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BIOS Tuning Guide - BIOS Tuning - Page 10

Whether you like it or not, the PC industry is evolving at an ever increasing pace. You can purchase a top of the range computer for around $4000, only to find that after a period of six months it is already outdated and not fit to run the latest games/software. What if I told you that you could squeeze extra speed out of your computer without spending a cent or moving out of the chair you are sitting in right now? Sounds crazy doesn't it? Join Asher "Acid" Moses as he explains how to tweak your BIOS for maximum performance.

| Guides | Posted: Feb 26, 2002 5:00 am

- Integrated Peripherals Cont.

 

 

Onboard USB 2.0 Device - This option enables or disables the USB 2.0 controller. Enable this if you are using USB 2.0 devices.

 

Onboard Sound - This allows you to disable or enable onboard audio, if it exists on your motherboard. If you wish to use onboard sound, enable this option, otherwise disable it as it could interfere with your primary sound card.

 

Onboard ATA/RAID Device - This option allows you to enable or disable the onboard ATA/RAID controller. If you have a RAID array setup, enable this, if not, disabling it will free up an IRQ.

 

Power On By Mouse - This lets you select whether or not you want your system to turn on by clicking one of the mouse buttons. This is set to "Button Only" by default, which means your system will only start up when you press the power button on your case.

 

Power On By Keyboard - This lets you select whether or not you want your system to turn on by pressing a key on your keyboard. This is set to "Button Only" by default, which means your system will only start up when you press the power button on your case.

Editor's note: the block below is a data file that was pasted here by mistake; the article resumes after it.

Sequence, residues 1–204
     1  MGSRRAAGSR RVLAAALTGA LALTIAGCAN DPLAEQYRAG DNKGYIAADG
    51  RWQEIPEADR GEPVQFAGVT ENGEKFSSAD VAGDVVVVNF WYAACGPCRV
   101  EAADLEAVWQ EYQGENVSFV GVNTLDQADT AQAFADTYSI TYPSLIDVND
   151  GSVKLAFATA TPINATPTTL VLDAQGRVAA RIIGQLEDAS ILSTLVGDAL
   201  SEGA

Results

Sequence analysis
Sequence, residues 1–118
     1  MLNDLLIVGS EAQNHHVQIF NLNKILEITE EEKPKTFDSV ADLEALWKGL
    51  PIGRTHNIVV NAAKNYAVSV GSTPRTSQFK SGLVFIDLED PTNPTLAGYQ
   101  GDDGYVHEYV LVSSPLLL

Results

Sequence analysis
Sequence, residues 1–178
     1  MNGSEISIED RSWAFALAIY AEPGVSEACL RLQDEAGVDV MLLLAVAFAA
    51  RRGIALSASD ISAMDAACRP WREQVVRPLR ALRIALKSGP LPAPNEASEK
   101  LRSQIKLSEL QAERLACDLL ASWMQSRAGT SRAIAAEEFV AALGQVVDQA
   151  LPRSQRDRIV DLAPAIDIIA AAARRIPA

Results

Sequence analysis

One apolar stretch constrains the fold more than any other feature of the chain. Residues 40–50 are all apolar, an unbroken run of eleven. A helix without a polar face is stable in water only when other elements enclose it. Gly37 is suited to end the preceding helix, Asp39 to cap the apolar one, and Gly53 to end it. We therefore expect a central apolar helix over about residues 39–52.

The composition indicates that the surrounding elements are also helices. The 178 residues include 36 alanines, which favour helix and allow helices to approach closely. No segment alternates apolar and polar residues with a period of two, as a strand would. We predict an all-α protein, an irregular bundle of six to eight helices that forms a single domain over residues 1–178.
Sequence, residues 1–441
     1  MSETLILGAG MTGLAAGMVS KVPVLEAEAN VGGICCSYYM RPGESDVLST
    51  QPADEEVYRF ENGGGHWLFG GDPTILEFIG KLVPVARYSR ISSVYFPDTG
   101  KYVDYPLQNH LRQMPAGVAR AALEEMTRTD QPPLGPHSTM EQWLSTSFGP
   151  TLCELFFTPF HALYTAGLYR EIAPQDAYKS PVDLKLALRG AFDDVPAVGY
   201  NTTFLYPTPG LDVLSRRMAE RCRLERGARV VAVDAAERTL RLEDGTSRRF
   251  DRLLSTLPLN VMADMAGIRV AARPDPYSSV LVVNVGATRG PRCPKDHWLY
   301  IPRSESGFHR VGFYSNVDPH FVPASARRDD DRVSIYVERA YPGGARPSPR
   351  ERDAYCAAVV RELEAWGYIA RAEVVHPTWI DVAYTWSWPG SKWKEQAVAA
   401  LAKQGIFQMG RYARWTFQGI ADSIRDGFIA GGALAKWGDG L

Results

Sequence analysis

Onboard FDC Controller - Here you can enable or disable the floppy drive controller. If you have a floppy drive connected to your PC, enable this option. If not, disable this option to free up an IRQ.

 

Onboard Serial Port 1 - This option allows you to enable or disable the first onboard serial port. You can also select its I/O address and IRQ. This is best set as "Auto".

 

Onboard Serial Port 2 - This option allows you to enable or disable the second onboard serial port. You can also select its I/O address and IRQ. This is best set as "Auto".

 

UART Mode Select - This option becomes visible if you have enabled serial port 2. Here you can select the appropriate modes for your infrared device/s. If you don't have any infrared devices, leave this option at its default setting.

 

UR2 Duplex Mode - This option becomes visible if you have enabled serial port 2. The Duplex Mode is the transition mode of the IR port. Full duplex allows two-way simultaneous transmission, while half duplex only allows one direction at a time. Set this to full duplex for the best performance.

 

Onboard Parallel Port - Here you can select the IRQ and I/O address for the onboard parallel port. This is best left as default unless you run into problems.

 

Parallel Port Mode - This option allows you to select the parallel port mode, with the default option being SPP (Standard Parallel Port). The other options available are EPP (Enhanced Parallel Port) and ECP (Extended Capabilities Port). EPP and ECP are both faster than SPP, with the ECP mode supposedly being better for large data transfers. For optimal performance, I recommend setting this option to either EPP or ECP.

 

ECP Mode Use DMA - If you select the ECP parallel port mode, this option allows you to select its DMA channel. This is best left at default (3) unless you run into problems.

 

AC BACK Function - The AC Back function allows you to set the PC behavior for when the power comes back on after an outage. This is a matter of personal preference, but I have it set to "Soft-Off".*Thanks to SezaGeoff from the Overclockers Australia Forums for clearing up some confusion regarding what the AC Back function does.

 

CIR Port Address -This allows you to manually select the CIR Port IRQ. This is best left at default unless you are experiencing problems.

 

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